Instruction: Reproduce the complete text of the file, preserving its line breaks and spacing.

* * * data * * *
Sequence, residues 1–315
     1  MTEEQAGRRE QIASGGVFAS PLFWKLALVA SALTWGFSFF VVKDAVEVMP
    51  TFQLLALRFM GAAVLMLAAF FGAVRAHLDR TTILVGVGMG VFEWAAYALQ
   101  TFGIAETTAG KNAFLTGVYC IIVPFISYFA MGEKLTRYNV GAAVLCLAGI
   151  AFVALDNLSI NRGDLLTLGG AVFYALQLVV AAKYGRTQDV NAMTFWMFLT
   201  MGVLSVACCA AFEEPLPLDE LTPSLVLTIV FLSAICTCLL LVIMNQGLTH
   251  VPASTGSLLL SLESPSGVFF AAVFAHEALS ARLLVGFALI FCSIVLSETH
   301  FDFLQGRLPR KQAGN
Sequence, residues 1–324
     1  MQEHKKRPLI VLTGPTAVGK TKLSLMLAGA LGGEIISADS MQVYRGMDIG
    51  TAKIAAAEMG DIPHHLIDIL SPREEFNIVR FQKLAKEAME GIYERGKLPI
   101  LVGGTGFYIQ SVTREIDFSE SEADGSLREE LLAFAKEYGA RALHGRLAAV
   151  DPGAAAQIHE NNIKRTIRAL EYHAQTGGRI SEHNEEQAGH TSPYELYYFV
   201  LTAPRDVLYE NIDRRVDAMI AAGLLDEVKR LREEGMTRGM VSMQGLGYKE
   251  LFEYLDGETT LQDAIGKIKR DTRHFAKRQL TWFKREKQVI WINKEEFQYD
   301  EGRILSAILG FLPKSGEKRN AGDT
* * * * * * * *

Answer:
Sequence, residues 1–315
     1  MTEEQAGRRE QIASGGVFAS PLFWKLALVA SALTWGFSFF VVKDAVEVMP
    51  TFQLLALRFM GAAVLMLAAF FGAVRAHLDR TTILVGVGMG VFEWAAYALQ
   101  TFGIAETTAG KNAFLTGVYC IIVPFISYFA MGEKLTRYNV GAAVLCLAGI
   151  AFVALDNLSI NRGDLLTLGG AVFYALQLVV AAKYGRTQDV NAMTFWMFLT
   201  MGVLSVACCA AFEEPLPLDE LTPSLVLTIV FLSAICTCLL LVIMNQGLTH
   251  VPASTGSLLL SLESPSGVFF AAVFAHEALS ARLLVGFALI FCSIVLSETH
   301  FDFLQGRLPR KQAGN
Sequence, residues 1–324
     1  MQEHKKRPLI VLTGPTAVGK TKLSLMLAGA LGGEIISADS MQVYRGMDIG
    51  TAKIAAAEMG DIPHHLIDIL SPREEFNIVR FQKLAKEAME GIYERGKLPI
   101  LVGGTGFYIQ SVTREIDFSE SEADGSLREE LLAFAKEYGA RALHGRLAAV
   151  DPGAAAQIHE NNIKRTIRAL EYHAQTGGRI SEHNEEQAGH TSPYELYYFV
   201  LTAPRDVLYE NIDRRVDAMI AAGLLDEVKR LREEGMTRGM VSMQGLGYKE
   251  LFEYLDGETT LQDAIGKIKR DTRHFAKRQL TWFKREKQVI WINKEEFQYD
   301  EGRILSAILG FLPKSGEKRN AGDT